The latest installment appears in the June 6th issue of The New Yorker, which features a review essay by Louis Menand. In the essay, he features two books - Richard Arum and Jospia Roksa's Academically Adrift, which already has garnered a lot of attention and is based on an analysis of the College Learning Assessment (a kind of standardized test that is being used at a number of colleges and universities in an attempt to measure what a college education might "yield") and Professor X's In the Basement of the Ivory Tower, which is a kind of memoir based on an essay previously published in The Atlantic. I am unfamiliar with Professor X's work, but Menand makes him sound like a real-life William Henry "Lucky Hank" Deveraux.
This is fitting b/c in the public discourse on higher ed, I think we need to hear more (and take more seriously) about the experiences of the "teachers" - that is, the professors (who BTW do more than teach) and the adjunct instructors.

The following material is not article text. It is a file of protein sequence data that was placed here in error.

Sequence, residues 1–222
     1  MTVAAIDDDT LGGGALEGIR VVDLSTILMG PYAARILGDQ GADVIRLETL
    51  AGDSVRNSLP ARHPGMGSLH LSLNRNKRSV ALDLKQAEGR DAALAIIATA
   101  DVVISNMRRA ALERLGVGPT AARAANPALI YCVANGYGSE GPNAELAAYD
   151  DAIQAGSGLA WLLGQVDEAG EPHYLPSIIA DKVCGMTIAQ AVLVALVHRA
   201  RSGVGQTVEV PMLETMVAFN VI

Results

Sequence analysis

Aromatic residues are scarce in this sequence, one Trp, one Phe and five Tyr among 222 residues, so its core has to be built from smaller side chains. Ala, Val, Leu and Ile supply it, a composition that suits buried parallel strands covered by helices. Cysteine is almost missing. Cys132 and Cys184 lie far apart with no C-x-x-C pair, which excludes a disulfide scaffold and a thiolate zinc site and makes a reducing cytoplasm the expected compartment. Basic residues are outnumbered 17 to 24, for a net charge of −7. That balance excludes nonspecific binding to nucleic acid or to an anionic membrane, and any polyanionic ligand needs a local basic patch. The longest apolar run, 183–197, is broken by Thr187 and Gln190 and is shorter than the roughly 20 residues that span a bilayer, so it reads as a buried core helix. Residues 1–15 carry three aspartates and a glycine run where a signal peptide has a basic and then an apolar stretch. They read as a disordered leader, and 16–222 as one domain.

On a related note, I think we also need to hear more from students themselves - not just about the standardized tests that they take, ostensibly to measure what they have learned or been taught. This is where faculty feel frustration: As in the discourse on K-12 public schooling, the talk is all about "whether or not" (yes or no) students and learning and teachers are doing their jobs.
What, in fact, is the point of college for students? This is the point where Menand starts. Students bring diverse expectations (as well as experiences) to college - and this bears directly upon what they learn in college (and how and what professors also teach).
Menand describes three "theories" of what college is for Americans:
1. "College is, essentially, a four-year intelligence test" that is used to sort individuals according to "intellectual capacity and productive potential."
I admit that I cringe at the thought, and wish that this were not true.
2. "College exposes future citizens to material that enlightens and empowers them, whatever careers they end up choosing."